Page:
walk by it, I wish I had my camera to take a picture for you to see it up close.  So today we went back (in the car!) with the camera to get this picture.  That's M standing in the midst of the canola.  It's right up to her chin!

She and her husband, with the help of a few part-time workers, farm 5,000 acres in this vicinity.  Some land is theirs, but much is rented, including our little 12 acre field north of our yard.  L. rotates crops in order to preserve and build up the land.

To give you an idea how big 5,000 acres is, imagine driving along a country road.  On your left hand, for 18 miles, stretching 1/2 mile to your left from the road, all that land makes up enough "quarters" (quarter sections) to make up 5,000 acres. A section is a surveyed area 1 mile square.  So a quarter section is 1/2 mile by 1/2 mile.  That assumes that some of the land has creeks running through it, sloughs, and other obstructions that the farmer has to go around in his seeding and harvesting.

To farm these big fields, the farmers on the Canadian prairies use the very largest equipment produced in the world: huge tractors, seeders, sprayers and combines.
Perhaps in the Russian grain areas these enormous machines are also used.  Sometime this summer or fall, I'll try to get a picture of some of these monsters.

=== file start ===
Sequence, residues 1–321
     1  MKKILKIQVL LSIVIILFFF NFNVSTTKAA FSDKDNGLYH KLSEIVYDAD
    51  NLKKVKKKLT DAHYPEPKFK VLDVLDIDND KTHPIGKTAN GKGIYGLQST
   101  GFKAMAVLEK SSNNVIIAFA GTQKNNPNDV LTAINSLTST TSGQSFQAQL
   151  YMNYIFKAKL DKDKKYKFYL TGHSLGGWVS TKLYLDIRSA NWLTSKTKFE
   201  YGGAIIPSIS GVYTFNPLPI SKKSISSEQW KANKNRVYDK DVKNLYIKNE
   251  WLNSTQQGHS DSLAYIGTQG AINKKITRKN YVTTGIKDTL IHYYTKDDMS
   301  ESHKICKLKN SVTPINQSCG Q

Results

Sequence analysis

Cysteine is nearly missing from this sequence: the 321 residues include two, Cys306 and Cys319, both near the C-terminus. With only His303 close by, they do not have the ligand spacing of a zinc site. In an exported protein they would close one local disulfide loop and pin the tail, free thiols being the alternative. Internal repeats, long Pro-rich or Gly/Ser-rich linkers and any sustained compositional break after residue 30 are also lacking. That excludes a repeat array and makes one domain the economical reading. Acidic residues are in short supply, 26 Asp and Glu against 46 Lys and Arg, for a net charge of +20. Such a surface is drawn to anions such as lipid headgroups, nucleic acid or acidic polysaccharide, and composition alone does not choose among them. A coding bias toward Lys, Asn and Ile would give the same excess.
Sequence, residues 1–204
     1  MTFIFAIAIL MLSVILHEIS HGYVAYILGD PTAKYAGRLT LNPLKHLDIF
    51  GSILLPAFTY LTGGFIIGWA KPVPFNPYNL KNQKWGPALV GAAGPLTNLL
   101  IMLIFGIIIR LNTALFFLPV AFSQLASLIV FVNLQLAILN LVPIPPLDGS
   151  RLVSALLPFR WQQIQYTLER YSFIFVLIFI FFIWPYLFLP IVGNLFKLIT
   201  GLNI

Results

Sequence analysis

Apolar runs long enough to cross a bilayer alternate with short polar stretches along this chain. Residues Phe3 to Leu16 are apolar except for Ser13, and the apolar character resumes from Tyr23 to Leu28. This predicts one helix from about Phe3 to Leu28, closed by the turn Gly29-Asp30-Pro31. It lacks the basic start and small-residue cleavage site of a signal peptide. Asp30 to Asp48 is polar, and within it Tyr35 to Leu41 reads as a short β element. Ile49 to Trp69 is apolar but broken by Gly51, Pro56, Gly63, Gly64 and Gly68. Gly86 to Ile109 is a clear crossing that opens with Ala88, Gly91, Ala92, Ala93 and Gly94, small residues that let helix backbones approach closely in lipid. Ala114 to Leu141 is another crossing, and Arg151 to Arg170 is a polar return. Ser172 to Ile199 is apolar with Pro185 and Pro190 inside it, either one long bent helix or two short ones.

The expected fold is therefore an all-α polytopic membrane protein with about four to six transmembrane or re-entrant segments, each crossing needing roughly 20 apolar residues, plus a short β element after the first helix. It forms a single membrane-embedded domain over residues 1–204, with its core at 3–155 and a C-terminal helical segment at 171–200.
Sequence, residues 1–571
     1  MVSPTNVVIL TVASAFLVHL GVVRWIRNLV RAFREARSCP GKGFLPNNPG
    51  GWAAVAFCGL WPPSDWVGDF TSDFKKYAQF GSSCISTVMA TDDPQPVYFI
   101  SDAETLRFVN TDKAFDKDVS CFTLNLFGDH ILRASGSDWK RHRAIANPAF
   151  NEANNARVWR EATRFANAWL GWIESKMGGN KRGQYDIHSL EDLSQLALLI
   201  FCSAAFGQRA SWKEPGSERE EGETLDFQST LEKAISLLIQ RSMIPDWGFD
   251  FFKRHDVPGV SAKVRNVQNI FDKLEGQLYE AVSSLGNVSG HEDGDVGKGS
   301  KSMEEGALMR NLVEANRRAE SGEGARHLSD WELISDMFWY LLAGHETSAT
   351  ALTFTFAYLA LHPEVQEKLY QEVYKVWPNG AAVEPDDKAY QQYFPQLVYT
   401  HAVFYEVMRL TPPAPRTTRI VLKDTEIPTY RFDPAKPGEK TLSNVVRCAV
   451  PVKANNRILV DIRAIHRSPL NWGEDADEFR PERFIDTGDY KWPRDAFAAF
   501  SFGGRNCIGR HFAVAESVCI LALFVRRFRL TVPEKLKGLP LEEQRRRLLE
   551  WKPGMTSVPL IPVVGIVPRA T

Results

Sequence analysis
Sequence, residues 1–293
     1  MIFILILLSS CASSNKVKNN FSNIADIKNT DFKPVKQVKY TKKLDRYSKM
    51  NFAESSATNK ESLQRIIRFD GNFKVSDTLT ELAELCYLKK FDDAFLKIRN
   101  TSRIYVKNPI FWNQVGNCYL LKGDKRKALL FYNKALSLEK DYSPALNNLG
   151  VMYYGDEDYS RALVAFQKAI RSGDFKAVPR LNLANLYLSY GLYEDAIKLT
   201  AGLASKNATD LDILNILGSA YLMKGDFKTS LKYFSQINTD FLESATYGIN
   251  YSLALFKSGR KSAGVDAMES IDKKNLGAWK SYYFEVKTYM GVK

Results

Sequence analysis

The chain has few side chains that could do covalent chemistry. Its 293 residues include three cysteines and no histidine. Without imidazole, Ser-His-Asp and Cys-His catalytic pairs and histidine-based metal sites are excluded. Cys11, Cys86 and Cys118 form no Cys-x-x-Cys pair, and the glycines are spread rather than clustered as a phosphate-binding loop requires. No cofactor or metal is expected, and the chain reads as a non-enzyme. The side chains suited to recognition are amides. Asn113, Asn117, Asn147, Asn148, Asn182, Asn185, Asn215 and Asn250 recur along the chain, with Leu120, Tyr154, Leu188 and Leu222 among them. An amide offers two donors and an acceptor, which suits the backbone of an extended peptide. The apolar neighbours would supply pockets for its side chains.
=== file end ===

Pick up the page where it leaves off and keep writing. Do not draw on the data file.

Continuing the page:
Canola has an interesting history: it was developed by Canadian scientists from rapeseed, which had an unacceptably high level of erucic acid, toxic to humans at that level.  In the second world war, the oil from rapeseed was used as a lubricant in tanks, etc.  By interbreeding with other plants they produced a low level erucic acid plant in the mustard family, which was given the name Canola, a shortened form of Canadian Oil.  It is sold as a healthy oil, and I've used it for a long time in baking bread, buns, and loaf cakes, as per a recipe for Cranberry/orange loaf that I posted recently.

In looking up erucic acid today, I found some articles that claim it is an unhealthy oil, so maybe I should do a little more research.  It can be confusing to us ordinary folks to sort out all the claims and counter claims.